Sunday, 15 August 2010

Defending our children - or denying them?

There are two stories side by side in the Church of England Newspaper this week which caught my eye. They both relate to alleged discrimination against Christians who hold conservative views on homosexuality.

The first is about a teacher who has was suspended from his job at a primary school in Scotland, apparently because of his traditional views about homosexuality, published on his website. The second is about a vicar and his wife who have been rejected as potential foster parents because of their unease about the hypothetical situation of having a to welcome a gay couple to stay in their home as part of a 'handover' to them as adoptive parents.

Both these stories have given me food for thought, not about the merits or otherwise of these particular cases - I certainly do not know enough about either situation to offer any view on them. The issue which arises here for me is about what these stories tell us about our attitude to children, because in both cases, concern for children was cited to be the main issue.

In the school, the concern appears to be that the teacher might express his views in class, which were at odds with education policies. Similarly, the vicar and his wife were concerned that their children, aged 5 and 7, might begin to question why some families have 2 mummies or 2 daddies.

Indeed concern for children is often raised as an issue in considering the right or wrong approach to homosexuality, as if it were somehow different from all other moral questions and dilemmas.

When my pro-gay views became public in the parishes where I am vicar, I held a public meeting to explain them and invite questions and debate. At that meeting (which was a model of gracious Christian dialogue between people of a range of viewpoints) the question was asked "But what about your children?" as if our views would somehow undermine their fragile lives! At a PCC meeting sometime later, in a similar discussion, the idea of potential confusion or embarrassment among children in the church was held up as a reason not to publically declare our church to be a church which welcomes LGBT people.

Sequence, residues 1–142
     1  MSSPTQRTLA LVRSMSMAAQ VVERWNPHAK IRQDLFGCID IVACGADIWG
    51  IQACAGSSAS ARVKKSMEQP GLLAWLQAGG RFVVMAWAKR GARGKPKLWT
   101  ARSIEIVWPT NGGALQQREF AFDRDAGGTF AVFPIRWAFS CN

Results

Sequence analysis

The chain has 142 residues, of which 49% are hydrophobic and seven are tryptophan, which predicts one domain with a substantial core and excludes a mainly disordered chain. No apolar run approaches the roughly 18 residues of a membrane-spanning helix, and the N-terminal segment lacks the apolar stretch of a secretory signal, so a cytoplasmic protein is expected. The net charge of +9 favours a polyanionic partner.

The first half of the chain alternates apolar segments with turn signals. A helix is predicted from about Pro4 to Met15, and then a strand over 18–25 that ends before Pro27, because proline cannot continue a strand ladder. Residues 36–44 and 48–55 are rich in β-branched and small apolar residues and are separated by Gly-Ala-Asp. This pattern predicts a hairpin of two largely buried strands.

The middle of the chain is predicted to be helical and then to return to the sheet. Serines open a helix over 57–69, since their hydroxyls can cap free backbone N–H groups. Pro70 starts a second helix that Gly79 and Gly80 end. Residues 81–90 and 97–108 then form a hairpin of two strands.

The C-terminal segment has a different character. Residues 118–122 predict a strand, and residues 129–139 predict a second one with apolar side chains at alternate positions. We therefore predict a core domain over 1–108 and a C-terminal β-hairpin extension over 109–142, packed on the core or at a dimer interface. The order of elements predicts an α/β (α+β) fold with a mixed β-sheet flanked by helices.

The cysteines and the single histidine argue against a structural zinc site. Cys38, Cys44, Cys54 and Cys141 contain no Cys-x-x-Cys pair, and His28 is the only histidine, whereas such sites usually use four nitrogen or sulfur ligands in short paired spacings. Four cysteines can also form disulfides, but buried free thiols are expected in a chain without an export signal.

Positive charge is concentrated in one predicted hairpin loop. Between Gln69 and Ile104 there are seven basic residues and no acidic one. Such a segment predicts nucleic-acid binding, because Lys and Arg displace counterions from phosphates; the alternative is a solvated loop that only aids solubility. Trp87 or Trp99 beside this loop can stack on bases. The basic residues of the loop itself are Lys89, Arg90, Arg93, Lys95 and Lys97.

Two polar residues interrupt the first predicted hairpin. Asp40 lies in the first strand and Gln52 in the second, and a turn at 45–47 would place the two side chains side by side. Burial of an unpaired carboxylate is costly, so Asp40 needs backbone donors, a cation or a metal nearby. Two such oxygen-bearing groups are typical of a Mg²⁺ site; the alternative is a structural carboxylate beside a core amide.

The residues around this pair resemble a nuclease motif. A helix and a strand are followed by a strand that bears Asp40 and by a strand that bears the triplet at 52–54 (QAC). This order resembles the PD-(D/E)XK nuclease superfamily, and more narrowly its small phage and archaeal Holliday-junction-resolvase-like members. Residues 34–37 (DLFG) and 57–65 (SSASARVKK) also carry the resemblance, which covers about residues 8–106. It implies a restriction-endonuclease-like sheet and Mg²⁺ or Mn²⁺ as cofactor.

Yet my observation of children is that they are more adept than most at listening to and pondering conflicting ideas about life, the universe, and everything. Indeed, that is what growing up is all about. Whenever my own children ask about something where different people hold different views, whatever sphere of life, I always try to explain that some people think 'this' and some people think ' that', and sometimes there are others who think something completely different!

In my present parishes we have excellent relations with 3 schools, (2 church schools and one community school) and I am delighted to be invited in to lead assemblies and some lessons. In those schools, I precede my statements about the Christian faith with the phrase "Christians believe that ..."; and if there is a question on which different Christians see things differently, I will say "Some Christians believe this ... while others believe this".

This is not rocket science, and I know that many of my colleagues use similar devices to ensure that children are equipped to make their own decisions in life as they grow - indeed that is the very heart of good education, whether in school of in the home.

So why do we get so concerned at applying this to the question of sexuality?

Is it that we are more afraid of the questions which children might ask of us as result - exposing our own lack of clarity? Is it that we are too tied up in protecting our own world view that we seek ways to allow no other viewpoint in? Do we really want to bring up a new generation just as hung up and prejudiced as we are, having heard only one side of the story (whichever side that is).

My own children (both of school age) are fully aware of my views on homosexuality. and that those views have changed over the years. They have no difficulty with this.

Similarly in schools, it would be sad day when all teachers have to hold the same opinions on all moral matters, in order to be allowed to teach. If this should ever happen, we would not be making the world a better place, and we would not be preparing the next generation for the moral dilemmas of life.

Children often have much more capacity to see the wood for the trees than we who are trying to 'defend' them from a diverse and sometimes confusing world. We need to equip them for their own decisions, not limit the supply of knowledge, belief and opinion, as long as it is presented in a way which allows them to decide for themselves.


  1. I think there's also fear about allowing children to ask and get answers about the world. A 7 year old at church asked who's the daddy out of me and my partner - we explained that in our house there's a Mummy and a Mama who live together, and our child's Daddy and Papa live together but somewhere else. Then I asked him what happened in his family (he lives with his Mummy and Daddy). The 7 year old has returned to the question periodically and we answer whatever he wants to know.

    But I think these conversations I have with him strike fear into most churchgoers!

  2. Agree with Lesley.
    And with anonymous - so much fear, too much fear among churchgoers wrt unfamiliar territory!

  3. Thanks everyone - why are people so afraid of genuine questions? I prefer a good (even difficult) question to a well rehearsed argument anyday!